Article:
Maryville church opens arms to Iraqi girl with birth defect

By John Gordon

MARYVILLE, Tenn. (UMNS) — Ghofran Alyass traveled from Iraq to Tennessee for surgery she hopes will give her more years with her family.

Along the way, she found her family growing as she developed a special bond with a new "sister."

Ghofran, 10, became fast friends with Samantha Ousley, 8. Samantha's family is hosting Ghofran and her parents while they are in the United States.

"I'm very happy," says Ghofran, who was born with spina bifida. "Samantha, my sister."

Samantha, an only child, found a new international playmate.

"It really felt good because before, I was lonely and I really didn't have anybody to play with, except at school," she says.

The friendship between the two girls developed after Samantha's father, Ted Ousley, started a campaign to bring Ghofran and her parents to Tennessee. Ousley, a radio personality known to his listeners as Gunner on WIVK in Knoxville, learned of Ghofran's plight while embedded with American troops in Iraq.

Ousley's church, First Maryville United Methodist. took up the cause and raised $10,000 to cover the family's travel and other expenses.

"Helping a family is a huge thing because, you know, word will spread," Ousley says. "You don't do it at the point of a gun, and I think we're realizing that more and more."

The Rev. Brenda Carroll, co-pastor at the Maryville church, says even with the surgery, Ghofran will not be able to walk, but the procedure should extend her life and allow her better mobility in a wheelchair.

"Once you ever see Ghofran the first time, there's never any question that you're going to do everything you can to help that child," Carroll says. "We want to help that family to have this precious child in their midst for as long as they possibly can."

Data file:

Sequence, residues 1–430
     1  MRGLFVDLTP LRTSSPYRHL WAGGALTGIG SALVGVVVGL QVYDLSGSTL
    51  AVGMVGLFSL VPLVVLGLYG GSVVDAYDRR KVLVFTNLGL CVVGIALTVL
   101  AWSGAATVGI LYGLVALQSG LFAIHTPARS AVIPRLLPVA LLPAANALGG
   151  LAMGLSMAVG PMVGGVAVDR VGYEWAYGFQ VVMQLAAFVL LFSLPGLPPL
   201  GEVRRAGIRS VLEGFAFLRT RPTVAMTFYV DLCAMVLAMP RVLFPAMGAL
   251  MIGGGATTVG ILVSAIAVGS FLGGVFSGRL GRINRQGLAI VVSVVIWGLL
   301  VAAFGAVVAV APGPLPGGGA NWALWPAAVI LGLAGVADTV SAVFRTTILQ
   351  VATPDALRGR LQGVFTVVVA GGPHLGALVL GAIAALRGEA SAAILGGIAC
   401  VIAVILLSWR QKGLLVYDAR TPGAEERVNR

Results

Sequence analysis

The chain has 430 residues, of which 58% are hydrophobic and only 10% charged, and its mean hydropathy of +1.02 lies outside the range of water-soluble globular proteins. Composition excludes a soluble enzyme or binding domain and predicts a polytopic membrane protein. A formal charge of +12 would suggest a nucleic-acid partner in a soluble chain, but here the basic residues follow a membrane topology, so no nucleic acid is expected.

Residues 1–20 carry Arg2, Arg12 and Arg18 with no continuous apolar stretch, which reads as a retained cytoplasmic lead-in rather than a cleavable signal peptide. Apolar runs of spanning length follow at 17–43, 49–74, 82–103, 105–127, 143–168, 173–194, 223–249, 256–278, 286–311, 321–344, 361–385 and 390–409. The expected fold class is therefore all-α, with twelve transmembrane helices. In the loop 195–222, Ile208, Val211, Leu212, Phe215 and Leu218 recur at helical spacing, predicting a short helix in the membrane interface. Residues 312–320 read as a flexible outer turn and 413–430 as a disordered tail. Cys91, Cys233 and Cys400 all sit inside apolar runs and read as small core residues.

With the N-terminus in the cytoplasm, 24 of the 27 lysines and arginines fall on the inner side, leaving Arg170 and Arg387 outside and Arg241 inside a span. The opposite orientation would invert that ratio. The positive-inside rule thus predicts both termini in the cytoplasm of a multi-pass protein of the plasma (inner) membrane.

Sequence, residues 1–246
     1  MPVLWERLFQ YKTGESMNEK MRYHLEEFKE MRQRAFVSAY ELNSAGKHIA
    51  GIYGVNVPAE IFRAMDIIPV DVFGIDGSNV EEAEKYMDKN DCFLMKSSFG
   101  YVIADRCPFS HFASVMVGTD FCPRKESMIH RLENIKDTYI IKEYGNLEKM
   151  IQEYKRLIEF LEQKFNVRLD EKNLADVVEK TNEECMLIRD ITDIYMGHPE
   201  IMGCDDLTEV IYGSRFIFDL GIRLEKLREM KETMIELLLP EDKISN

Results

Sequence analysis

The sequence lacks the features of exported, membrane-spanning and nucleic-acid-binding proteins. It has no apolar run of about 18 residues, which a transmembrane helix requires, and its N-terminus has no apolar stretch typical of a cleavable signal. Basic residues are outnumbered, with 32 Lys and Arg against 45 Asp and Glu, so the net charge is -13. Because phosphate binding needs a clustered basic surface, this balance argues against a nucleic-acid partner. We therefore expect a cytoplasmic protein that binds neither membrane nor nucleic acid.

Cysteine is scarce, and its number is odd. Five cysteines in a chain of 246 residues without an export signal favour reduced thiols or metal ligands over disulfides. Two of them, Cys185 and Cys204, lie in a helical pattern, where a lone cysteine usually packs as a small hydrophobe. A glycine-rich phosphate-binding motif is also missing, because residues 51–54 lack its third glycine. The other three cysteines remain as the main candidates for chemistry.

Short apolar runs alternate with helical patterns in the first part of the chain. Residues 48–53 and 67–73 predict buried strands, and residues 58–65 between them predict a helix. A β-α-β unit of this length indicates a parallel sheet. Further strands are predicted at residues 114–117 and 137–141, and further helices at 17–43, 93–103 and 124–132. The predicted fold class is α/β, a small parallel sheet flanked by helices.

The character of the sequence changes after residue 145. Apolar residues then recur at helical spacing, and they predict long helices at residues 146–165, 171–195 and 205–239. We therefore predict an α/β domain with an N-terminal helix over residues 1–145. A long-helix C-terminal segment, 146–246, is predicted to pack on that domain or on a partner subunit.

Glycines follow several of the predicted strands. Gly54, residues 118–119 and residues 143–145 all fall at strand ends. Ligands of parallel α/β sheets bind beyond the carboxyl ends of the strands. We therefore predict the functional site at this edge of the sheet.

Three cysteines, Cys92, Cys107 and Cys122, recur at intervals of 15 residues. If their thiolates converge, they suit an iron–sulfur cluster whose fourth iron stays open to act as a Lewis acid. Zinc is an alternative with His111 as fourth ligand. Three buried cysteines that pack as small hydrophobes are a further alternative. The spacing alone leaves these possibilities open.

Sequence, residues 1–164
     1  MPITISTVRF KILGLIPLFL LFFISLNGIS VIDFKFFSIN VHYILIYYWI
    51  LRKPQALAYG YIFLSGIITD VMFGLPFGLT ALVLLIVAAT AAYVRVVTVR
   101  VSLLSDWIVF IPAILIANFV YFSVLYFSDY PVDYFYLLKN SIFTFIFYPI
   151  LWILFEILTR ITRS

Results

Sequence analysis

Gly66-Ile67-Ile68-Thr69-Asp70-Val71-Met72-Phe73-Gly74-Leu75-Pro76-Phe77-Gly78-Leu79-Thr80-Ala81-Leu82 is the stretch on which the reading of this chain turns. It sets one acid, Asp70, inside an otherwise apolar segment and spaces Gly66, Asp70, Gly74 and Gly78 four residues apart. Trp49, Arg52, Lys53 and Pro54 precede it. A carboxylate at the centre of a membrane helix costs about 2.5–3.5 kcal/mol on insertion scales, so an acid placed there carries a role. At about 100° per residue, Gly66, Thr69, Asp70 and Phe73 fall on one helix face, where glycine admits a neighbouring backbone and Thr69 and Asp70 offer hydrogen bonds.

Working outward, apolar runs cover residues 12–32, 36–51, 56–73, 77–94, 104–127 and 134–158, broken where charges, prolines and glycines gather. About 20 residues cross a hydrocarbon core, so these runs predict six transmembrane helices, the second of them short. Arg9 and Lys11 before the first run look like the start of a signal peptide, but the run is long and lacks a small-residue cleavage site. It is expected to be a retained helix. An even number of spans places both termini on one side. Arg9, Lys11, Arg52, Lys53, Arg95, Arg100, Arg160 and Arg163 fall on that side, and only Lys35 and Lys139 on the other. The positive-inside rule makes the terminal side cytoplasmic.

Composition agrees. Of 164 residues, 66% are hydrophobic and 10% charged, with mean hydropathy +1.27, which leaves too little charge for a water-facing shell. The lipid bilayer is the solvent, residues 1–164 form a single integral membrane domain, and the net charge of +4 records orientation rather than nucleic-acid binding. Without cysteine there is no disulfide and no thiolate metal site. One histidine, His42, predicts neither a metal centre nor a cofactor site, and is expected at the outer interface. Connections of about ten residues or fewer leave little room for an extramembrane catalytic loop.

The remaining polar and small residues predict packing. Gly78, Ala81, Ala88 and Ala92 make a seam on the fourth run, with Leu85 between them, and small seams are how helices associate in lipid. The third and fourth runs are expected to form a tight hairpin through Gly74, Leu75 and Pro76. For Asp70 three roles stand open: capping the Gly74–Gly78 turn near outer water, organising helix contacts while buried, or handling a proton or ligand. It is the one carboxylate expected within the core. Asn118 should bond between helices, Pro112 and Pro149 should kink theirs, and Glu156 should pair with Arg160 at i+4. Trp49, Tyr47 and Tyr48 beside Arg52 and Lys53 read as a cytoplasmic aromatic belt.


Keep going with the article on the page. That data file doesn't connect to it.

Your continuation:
Members of a children's Sunday school class at First UMC made a blanket to keep Ghofran warm and give her reassurance thousands of miles away from the war in Iraq.

"You know that there's a lot going on (in Iraq), bombs are going off and stuff," says Elizabeth Morton, 10, a fourth-grader who worked on the blanket. "And just to help her, to comfort her with blankets and stuff, makes me feel good inside."

Ghofran has never attended school in Iraq because of her medical condition, but with Samantha's help, she learned the English alphabet. Ghofran also taught Samantha how to count in Arabic.

"I feel all the people like me and love me," Ghofran says through an interpreter. "Thank you for this family. Thanks."

Samantha says she hopes the surgery will be successful and help her new friend lead a better life when the family returns to Iraq.

"I would feel really sad if she really didn't get better. I really want her to get better," she says. Ghofran's father, Abdul, says he has seen his daughter smile more since her arrival in the United States.

"She's different now, she's different," he says. "I am very happy because I can see the future for my daughter."

Ghofran's surgery was scheduled for April 11 at East Tennessee Children's Hospital. The operation was expected to last about 17 hours.

Spina bifida is a birth defect caused when the spine does not close completely. Researchers are not sure what causes the disorder.

Members of the surgical team are donating their time to help Ghofran. A foundation is also covering hospital expenses, so there will be no cost to the family.

Samantha's mother, Laura Ousley, says the friendship between the two girls has given Samantha "a different way of looking at life."

"She (Ghofran) has enriched our lives," Mrs. Ousley says. "She's shown us that, no matter what your situation is, what matters is what's in your heart. She's got a big heart."

Ghofran's new friends are also hoping she will be able to attend school after she returns to Iraq.

"She's a smart little girl, and she's never been able to go to school," Rev. Carroll says. "We certainly pray that could happen for Ghofran."

Gordon is a freelance producer and writer based in Marshall, Texas.


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